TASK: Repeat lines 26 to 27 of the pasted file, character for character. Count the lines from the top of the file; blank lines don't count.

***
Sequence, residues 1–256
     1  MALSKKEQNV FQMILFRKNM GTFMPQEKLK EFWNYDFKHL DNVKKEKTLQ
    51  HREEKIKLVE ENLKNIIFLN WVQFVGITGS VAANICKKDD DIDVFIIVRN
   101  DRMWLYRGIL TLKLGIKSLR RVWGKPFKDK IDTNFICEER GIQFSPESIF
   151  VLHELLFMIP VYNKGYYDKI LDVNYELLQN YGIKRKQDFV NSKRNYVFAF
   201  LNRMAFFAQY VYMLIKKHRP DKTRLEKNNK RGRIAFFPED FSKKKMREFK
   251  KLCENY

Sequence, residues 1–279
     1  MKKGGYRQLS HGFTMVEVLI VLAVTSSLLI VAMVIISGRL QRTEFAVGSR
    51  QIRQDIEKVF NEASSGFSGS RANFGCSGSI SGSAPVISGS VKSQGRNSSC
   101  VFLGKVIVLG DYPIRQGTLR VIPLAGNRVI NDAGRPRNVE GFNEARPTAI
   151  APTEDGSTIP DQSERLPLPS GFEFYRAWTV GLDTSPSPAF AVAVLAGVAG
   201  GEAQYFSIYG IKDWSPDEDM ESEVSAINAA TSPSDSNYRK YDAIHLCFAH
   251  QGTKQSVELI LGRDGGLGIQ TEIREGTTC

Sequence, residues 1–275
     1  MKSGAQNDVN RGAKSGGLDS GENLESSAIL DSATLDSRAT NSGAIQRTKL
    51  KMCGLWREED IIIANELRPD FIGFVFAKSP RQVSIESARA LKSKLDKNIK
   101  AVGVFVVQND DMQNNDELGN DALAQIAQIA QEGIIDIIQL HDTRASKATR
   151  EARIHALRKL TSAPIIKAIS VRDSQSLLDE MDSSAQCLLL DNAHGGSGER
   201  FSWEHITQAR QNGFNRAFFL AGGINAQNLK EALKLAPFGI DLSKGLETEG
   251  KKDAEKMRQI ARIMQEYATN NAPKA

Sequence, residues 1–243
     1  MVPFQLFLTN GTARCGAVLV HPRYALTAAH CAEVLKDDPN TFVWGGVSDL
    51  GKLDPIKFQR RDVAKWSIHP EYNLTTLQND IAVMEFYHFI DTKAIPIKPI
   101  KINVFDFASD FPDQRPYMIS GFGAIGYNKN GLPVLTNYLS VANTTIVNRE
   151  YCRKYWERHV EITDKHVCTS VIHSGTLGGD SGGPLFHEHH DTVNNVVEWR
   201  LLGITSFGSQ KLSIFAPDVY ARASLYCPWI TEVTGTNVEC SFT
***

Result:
   151  YCRKYWERHV EITDKHVCTS VIHSGTLGGD SGGPLFHEHH DTVNNVVEWR
   201  LLGITSFGSQ KLSIFAPDVY ARASLYCPWI TEVTGTNVEC SFT